Quepos (Manuel Antonio)

Manuel Antonio, Costa Rica
Visiting the Manuel Antonio area is a regular staple of itineraries around Costa Rica. The national park itself, the beaches, and the reasonable infrastructure is well-aimed at immersing visitors into the concept of pura vida.

The town of Quepos largely encompasses the area. It has three clusters of activity, none unmissable in terms of sightseeing, but worth visiting if you get restless at your resort of choice. The northernmost downtown and marina get fairly lively in the evenings. The southernmost beach-adjacent area is especially busy during the prime national park entry hours. And then, there is the geographically central cluster of restaurants and businesses along the main thoroughfare. We barely explored any of them, to be honest.

The Manuel Antonio National Park tour ♥ left us somewhat underwhelmed. The main part of the visit takes place along the single wide path shared by hundreds of visitors. With a guide, you get about an hour and a half for spotting animals, not overly successfully; without the guide and his telescope, you may be not limited by time, but you will certainly see practically nothing. Our guide tried his best to offer interesting information and to show us the variety of animals, but he could only do so much. We did see a few interesting insects (butterflies, a grasshopper), lizards, iguanas, crabs, bats, a couple of sloths at a distance, a couple of white-faced monkeys (and howler monkeys too far away to clearly see), an agouti (a rat-like rodent). There are several side paths that provide a bit of tranquility, but unlikely to feature too much when you are led by a guide. At the end of the walk, there was about half an hour for the gorgeous beach (which cannot be entered without a park ticket).

We also went for an ATV tour ♥♥♥ operated by Fourtrax. The ride itself was for about 8km each way along mostly rugged roads in the palm groves, but also through a village and some farm fields. At the other end was Rainmaker Park, where we walked a trail for 10 minutes and then had about 15 minutes to swim in a natural pool in a waterfall cascade. The rain, unfortunately, started as soon as we entered the park and got us soaking wet in addition to the swim, but did not diminish the fun. We then rode back to the base, where a light traditional lunch was served. Together with transportation, this took more than half a day but was very much worth it.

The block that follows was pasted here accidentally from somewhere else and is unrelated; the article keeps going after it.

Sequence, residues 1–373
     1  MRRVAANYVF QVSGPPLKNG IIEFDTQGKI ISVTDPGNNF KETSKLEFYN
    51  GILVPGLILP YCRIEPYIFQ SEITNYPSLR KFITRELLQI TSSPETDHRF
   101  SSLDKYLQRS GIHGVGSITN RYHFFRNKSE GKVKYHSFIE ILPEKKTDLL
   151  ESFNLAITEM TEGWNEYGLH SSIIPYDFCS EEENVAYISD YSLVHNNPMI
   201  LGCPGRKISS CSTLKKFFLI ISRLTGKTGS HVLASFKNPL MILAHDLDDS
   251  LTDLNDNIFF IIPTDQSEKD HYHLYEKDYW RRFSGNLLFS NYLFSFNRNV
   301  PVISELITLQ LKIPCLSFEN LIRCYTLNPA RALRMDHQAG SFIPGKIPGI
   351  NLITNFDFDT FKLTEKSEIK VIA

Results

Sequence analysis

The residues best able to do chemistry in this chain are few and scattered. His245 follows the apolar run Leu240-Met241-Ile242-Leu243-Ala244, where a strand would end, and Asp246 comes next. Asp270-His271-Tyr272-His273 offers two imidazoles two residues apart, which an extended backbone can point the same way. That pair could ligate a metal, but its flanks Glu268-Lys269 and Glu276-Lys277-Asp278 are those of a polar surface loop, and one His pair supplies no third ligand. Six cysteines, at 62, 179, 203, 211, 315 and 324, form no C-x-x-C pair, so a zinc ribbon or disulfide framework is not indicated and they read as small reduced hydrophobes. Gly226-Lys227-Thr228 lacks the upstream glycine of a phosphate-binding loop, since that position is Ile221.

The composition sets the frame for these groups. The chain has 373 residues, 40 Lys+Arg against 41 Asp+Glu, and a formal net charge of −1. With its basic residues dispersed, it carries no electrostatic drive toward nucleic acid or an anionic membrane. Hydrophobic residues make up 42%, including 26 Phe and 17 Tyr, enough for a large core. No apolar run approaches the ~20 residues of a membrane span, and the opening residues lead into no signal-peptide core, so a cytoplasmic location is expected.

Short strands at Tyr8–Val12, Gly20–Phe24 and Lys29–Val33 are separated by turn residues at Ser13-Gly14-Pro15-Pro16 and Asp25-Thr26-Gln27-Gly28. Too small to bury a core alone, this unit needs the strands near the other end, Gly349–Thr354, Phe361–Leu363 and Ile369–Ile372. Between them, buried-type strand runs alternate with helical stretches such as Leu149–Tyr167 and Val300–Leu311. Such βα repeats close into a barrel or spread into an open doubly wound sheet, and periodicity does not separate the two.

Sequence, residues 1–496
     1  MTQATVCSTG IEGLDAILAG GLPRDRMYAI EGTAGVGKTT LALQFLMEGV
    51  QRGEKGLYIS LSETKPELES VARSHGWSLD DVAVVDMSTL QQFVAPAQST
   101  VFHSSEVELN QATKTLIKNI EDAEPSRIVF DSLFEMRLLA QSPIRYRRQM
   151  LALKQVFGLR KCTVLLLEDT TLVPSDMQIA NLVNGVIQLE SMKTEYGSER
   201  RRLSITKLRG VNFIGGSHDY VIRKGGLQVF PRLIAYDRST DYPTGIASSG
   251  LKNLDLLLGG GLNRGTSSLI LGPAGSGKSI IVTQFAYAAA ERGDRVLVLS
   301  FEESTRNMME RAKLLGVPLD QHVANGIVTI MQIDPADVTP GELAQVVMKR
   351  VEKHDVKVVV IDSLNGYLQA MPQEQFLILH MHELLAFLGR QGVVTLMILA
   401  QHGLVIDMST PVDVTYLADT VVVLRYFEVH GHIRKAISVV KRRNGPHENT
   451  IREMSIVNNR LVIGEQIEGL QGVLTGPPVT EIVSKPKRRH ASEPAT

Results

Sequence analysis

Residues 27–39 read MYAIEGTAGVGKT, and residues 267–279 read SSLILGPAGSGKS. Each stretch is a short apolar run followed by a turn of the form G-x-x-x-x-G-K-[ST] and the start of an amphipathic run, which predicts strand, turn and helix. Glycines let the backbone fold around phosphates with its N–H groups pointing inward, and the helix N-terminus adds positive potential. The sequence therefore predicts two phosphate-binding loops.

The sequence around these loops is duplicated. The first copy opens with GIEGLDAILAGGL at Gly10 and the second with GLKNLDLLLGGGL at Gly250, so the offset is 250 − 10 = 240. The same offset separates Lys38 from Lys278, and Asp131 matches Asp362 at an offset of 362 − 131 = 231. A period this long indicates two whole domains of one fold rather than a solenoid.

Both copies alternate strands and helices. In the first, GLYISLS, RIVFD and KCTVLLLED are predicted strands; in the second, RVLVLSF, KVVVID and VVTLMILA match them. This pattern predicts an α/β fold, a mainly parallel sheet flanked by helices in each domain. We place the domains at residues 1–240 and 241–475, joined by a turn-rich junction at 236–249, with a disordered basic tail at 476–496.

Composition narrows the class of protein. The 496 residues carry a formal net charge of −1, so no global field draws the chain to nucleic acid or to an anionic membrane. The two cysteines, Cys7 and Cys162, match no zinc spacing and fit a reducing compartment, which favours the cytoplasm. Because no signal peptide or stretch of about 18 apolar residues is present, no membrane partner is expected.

There are plenty of other activities in the area, including surfing lessons (our child happily partook in one), ziplines, hanging bridges, canyoning, etc.

There is basically one main road connecting Manuel Antonio with points to the north and west. The bridge over river Tarcoles is known as the Crocodile Bridge ♥♥ – more than a dozen crocs lounge in the sun on the river banks and can be safely observed from the bridge. The location is a good hour-plus away from Manuel Antonio, so you would not come here unless driving through, but you certainly should stop for the free diversion. And possibly for a reasonable buffet-style lunch in the commercial strip on the north bank.


In addition to the aforementioned beach in the Manuel Antonio NP (it is technically known as Espadilla South), we have been to a couple of other beaches in the area. Playa Biesanz ♥♥ can only be accessed on foot via a rocky trail that takes about 5-7 minutes to descend/ascend. The entrance to the path is a couple of hundred meters from the resort we stayed in (see below); a lot of people come to the beach purposefully, given its relative seclusion and romantic feel (the traffic and parking situation on the narrow road must take away some of that romanticism for those arriving at peak times). The beach is not too big and sandy, and the small bay is fairly tranquil with warm water. There are paid services – refreshments, lounge chairs, water sports.

The main beach of Quepos, Espadilla North ♥ is a much wider strip of white sand, with larger waves and a quicker-sloping ocean floor. Surfing lessons and a lot of water-related activities take place at the northernmost edge, which is consequently not too crowded. You can pay for an umbrella and two recliners – the cost of $20 is a bit steep if you do not stay the whole day. A few hundred meters southward, the waves get smaller and the beach gets busier – this is where the commercial activity cluster mentioned at the top of this post is.


Uber is practically non-existent in Quepos. Taxis are fairly efficient and advertise a standard $10 price for all trips, which is good from a predictability perspective, but somewhat impractical if you need to ride for just a couple of kilometers.